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The Mom is obviously and rightly enamoured of the many virtues of a dog. Frequently, I am issued with emails, links, posts, and even clippings from the papers back home decrying these many virtues. And just as frequently, I am subject to her comments, which run generally along the lines of: See? I told you dogs were better than people.

As though I needed convincing.

I have been well aware of the pre-eminence of dogs over people – especially in our house – for many, many years now.

Though this fondness for finding dogs jobs is becoming slightly worrying. The neighbours over the road frequently give The Mom their dog in order to pick up their child from school. The three walk home happily, and spend the after school hours playing games, eating snacks, and generally doing almost everything The Mom would do, but you know, together. (I don’t think they watch CNN but that’s only because the young child is too clever by half and might be rightly alarmed by the news).

But, now I’m imagining a rather different scenario.

The Mom and The Girl come home with The Dog. All looks normal. Until they get inside. At which point, The Mom turns into some high-powered CEO.

“Right, so it looks like we’ve got five jobs come in since yesterday,” The Mom would say. “Who’s available?”

The Girl would consult her spreadsheet. “This dog is booked solid for the rest of the week. We’re going to need extra staff.”

Both would then look at The Dog who would somehow understand their knowing glances and rush immediately for its leash. And off they’d go on a recruitment drive.

Up and down the paths and sidewalks in the local area, The Dog leaving word, via fire hydrants and tree trunks. An hour or so later, back at the house, The Mom and The Girl would be overwhelmed with furry faces barking at the back door.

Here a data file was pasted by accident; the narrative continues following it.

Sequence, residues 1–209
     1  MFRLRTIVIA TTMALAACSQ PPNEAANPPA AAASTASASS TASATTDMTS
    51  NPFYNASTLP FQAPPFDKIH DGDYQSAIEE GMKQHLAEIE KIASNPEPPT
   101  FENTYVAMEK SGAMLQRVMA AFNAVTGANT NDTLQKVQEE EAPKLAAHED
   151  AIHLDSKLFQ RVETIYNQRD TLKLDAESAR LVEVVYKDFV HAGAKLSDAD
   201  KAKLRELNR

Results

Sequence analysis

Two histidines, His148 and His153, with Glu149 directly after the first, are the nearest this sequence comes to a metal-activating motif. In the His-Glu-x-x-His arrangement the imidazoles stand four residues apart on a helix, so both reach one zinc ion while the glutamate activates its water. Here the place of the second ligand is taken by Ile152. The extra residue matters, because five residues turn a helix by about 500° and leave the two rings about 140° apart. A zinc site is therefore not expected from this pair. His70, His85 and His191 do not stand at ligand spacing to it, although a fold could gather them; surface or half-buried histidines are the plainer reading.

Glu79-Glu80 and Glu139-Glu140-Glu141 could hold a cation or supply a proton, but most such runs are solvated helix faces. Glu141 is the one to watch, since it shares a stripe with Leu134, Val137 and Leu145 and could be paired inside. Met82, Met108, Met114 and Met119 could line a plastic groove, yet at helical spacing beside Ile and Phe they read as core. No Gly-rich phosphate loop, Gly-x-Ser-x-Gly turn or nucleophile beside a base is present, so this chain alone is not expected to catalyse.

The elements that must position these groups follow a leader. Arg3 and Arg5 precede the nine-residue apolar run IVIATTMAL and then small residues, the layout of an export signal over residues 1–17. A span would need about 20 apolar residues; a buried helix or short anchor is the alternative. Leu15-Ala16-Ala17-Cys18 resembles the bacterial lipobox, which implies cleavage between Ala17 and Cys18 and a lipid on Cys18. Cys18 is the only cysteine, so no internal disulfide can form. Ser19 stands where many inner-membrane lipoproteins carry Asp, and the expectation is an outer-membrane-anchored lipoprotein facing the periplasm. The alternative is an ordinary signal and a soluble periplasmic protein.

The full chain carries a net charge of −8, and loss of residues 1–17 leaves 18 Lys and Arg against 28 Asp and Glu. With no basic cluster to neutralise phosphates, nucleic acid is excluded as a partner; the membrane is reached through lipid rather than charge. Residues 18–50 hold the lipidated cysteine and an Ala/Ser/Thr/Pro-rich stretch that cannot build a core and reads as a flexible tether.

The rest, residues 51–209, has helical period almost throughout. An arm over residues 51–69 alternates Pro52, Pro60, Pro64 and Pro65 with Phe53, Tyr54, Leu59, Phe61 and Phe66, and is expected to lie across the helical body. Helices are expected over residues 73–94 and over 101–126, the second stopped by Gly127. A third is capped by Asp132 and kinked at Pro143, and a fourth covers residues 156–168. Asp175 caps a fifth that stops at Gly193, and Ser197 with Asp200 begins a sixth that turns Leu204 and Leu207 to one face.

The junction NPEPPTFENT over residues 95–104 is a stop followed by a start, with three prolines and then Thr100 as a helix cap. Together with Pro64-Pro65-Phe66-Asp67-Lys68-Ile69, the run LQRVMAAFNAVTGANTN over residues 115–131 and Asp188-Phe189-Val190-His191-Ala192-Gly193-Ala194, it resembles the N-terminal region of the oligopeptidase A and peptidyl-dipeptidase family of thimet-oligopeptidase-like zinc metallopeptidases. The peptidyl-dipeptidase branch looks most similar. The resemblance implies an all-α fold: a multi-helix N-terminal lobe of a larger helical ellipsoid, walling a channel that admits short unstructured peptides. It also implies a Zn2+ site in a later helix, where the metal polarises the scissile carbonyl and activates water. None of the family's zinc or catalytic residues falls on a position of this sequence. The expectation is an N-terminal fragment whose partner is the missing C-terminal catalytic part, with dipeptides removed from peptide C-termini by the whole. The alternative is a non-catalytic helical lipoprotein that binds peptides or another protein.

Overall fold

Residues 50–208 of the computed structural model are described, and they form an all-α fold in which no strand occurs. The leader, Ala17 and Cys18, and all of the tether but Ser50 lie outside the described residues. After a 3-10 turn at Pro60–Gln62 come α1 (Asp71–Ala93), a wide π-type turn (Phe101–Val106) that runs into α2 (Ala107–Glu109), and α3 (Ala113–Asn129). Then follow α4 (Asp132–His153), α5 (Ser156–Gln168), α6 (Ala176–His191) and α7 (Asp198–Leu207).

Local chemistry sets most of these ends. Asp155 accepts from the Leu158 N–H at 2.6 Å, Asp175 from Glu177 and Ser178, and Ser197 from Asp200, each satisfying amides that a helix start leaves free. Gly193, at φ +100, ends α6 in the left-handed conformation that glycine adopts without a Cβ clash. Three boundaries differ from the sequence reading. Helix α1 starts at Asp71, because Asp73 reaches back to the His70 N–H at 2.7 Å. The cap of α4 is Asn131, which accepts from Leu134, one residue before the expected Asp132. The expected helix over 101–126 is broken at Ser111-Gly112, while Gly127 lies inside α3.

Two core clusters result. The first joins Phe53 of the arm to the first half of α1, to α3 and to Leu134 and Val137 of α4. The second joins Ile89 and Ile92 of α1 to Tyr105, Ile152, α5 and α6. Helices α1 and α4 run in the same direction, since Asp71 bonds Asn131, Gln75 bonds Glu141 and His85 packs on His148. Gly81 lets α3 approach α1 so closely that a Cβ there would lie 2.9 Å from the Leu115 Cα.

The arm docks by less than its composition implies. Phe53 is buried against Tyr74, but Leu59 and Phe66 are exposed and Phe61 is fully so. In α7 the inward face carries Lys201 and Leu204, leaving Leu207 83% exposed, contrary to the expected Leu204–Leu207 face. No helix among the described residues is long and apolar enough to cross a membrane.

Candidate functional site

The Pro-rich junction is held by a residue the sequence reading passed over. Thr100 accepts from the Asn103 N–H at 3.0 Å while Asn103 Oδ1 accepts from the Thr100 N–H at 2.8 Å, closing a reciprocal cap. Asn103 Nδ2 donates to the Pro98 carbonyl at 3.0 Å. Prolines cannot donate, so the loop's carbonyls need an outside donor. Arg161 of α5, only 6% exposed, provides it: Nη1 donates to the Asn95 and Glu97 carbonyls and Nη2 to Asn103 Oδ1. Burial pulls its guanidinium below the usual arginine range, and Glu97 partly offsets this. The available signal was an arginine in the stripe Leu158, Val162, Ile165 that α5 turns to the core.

The Mom, typically, not a fan of organisation, would throw open the door, letting the barrage in. The Girl would meet them with a clipboard and a stern eye.

“Sniffers over there! Seers in the corner by the plant – please do not eat that. Diagnosticians please present yourselves at the front of the queue.”

The dogs, sensing obviously, that The Girl and not The Mom was in charge, would do as they’re told.

The Mom, at this point, would probably be rolling on the floor, delighted to be surrounded by so many happy, fluffy dogs.

“Stop playing! We have work to do!” The Girl would cry.

It’s at this point that perhaps The Mom would get her first warning.

“If you don’t smarten up and take this seriously, your services will no longer be required.”

The Mom, suitably chastened, would try to wipe the grin off her face with little to no success.

“Okay, you, Larbradoodle. There’s an old folks home that needs a cheer-er upper. You’re up.” She would of course tick off the dog’s name at this point. “Don’t forget to get your time sheet signed so we can bill them correctly. I’m donating it to a dog charity – so all the less work-worthy pups can have a good life.”

“Two Labradors, you’re good to go to the hospital. Show them you can diagnose cancer at ten paces,” The Girl would say. The Labradors would nod their heads in salute and with dignity see themselves out.

Next down the list would be the small, sort of yappy dogs that are not quite as popular with our lot. The Girl would look at them, rubbing her chin. The little dogs would yelp and nip around The Girl’s ankles.

It’s at that point that The Mom would have a eureka moment: “I know!” she’d cry with delight. “They can go to the school yard and chase after the kids who litter!”

Such brilliance would obviously merit a high five. And with that, they’d be off.

Frankly, I don’t feel that this situation is far off. I’m glad that dogs are able to smell all sorts of things we can’t  though I for one am glad to not have such a super sniffer, since things smell funny enough to me as it is.